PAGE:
My D is not a fan of veggies. Oh, he’ll eat any veggie I put in front of him . . . if it’s fried.  He will eat broccoli, salad and the occasional green bean without the batter or cheese but that’s about the limit to his culinary range. Needless to say, I cannot be frying veggies every day and quite frankly, to me, that’s kind of a sacrilegious thing to do to a perfect summer vegetable. I, on the other hand, can eat almost all veggies, except for turnips and beets, eww. So last night I thought I’d test his mettle completely with black bean and mushroom burgers.  I researched several different recipes on the internet and most of them were some variation of the same thing. Curiously, my favorite cookbook, Cook’s Illustrated, was completely devoid of any meatless burger, which was highly disappointing. Anyway, I’ve made veggie burgers before with broccoli, carrots, zucchini and they are delicious but very time consuming.  However, I had never attempted a bean version. What I came up with didn’t take long at all. In part, because of my food processor, well actually . . . now that I really think about it, because of my food processor but not everyone has one so if you want to you can do it all by hand. I’m certain this recipe could be tweaked in a million ways depending what tastes you want at the time. I made mine with an Italian bent but they would be wonderful with curry or Spanish flavors. In fact, just thinking about it makes me want to go make some curried burgers with goat cheese and mango chutney. I suppose I should use lentils in that case, huh? **Note to self: Add lentils to your grocery list.

So, here’s what I used:

1 small onion
1/2 medium orange bell pepper (any color will do)
1 large garlic clove
1 carton mushrooms (crimini or white)
1 can black beans
1 tbsp whole grain dijon mustard (I love Trader Joe’s)
1 tbsp tomato paste
3/4 cup Italian bread crumbs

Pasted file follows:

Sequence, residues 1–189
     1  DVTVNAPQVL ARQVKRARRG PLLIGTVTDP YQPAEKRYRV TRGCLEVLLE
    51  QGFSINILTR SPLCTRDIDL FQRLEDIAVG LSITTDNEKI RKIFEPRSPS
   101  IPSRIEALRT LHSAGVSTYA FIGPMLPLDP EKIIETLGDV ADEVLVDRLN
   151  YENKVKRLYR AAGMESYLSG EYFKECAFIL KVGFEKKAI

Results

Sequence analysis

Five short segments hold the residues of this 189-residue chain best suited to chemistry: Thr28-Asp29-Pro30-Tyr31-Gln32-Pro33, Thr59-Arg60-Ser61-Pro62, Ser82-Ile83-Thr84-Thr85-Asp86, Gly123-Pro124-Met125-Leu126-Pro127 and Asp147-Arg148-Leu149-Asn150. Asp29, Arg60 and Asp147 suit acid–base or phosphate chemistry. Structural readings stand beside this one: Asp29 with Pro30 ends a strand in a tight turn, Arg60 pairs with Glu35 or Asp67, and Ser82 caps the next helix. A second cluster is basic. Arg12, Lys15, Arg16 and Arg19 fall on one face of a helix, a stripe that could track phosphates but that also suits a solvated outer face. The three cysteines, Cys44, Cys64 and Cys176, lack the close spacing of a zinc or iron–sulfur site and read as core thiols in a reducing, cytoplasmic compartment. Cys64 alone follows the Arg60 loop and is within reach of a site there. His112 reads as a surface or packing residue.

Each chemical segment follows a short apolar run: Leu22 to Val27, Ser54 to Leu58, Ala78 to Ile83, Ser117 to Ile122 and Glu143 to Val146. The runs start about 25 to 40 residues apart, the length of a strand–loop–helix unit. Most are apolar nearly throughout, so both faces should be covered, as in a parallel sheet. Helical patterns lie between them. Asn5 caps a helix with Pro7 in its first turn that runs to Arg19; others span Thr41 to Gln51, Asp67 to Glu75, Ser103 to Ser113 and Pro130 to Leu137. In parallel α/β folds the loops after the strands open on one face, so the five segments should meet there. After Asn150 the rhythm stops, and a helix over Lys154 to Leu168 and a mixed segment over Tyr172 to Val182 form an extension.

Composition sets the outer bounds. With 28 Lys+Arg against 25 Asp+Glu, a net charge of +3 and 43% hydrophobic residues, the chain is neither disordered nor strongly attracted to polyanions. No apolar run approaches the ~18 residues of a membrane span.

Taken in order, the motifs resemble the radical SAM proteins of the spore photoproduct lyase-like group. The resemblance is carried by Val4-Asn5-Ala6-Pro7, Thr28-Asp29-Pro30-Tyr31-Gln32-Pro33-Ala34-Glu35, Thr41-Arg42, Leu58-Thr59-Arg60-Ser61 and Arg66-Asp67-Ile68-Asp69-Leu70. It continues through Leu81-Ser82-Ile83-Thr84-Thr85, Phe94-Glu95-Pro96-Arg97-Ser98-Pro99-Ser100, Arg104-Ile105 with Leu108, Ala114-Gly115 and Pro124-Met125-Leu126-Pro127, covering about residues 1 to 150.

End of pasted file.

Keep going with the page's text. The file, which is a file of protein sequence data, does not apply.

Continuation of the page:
1 egg
3/4 cup parmesan cheese
1/4 tsp cayenne pepper
3 tbsp chopped parslay
a pinch of salt
black pepper to your taste

The first thing you’ll want to do is rough chop your onions and pepper then throw them in the FP (food processor) with the garlic clove and finely mince. Pour that mixture into a large mixing bowl. Next, put the mushrooms and black beans (rinsed) into the FP and chop until finely minced, then combine with the onion mixture. Add all the remaining ingredients and mix until well combined (you may need to use your hands).

Make into patties (about six) and before pan frying them lightly dredge them in flour and Italian breadcrumbs. Cook until browned then place in the oven for 10 minutes with goat cheese on top to melt.

Yum.

I served these with couscous and kale sauteed with bacon, onions and a farm fresh egg (just like Granny used to make). It was so good I may make this every night.

Black Bean and Mushroom Burger with warm goat cheese served on Couscous with Kale sauteed in Bacon and Onions and Egg.

Smoothie health … it’s not pretty.

My father says that my very first word was pretty. He says he was holding me in his arms and showing me a picture on the wall. Apparently, I repeated the word “pretty” when prompted. He likes to say that it was befitting because I was so pretty. Father’s are biased you know.

One thing I know for sure is, my smoothies are not pretty. They look quite tasty when you blend banana’s, blueberries, cherries and blackberries. It’s when you add the four cups of chopped kale that dramatically alters the appearance. It ends up being a thick, brownish-green sludgy looking mess. I tell myself that these drinks are making me healthy. They certainly do have a “cleansing” effect on my digestive system. Wow! I drink them regardless because it’s really challenging for me to get all my green’s consumed like I’m supposed to.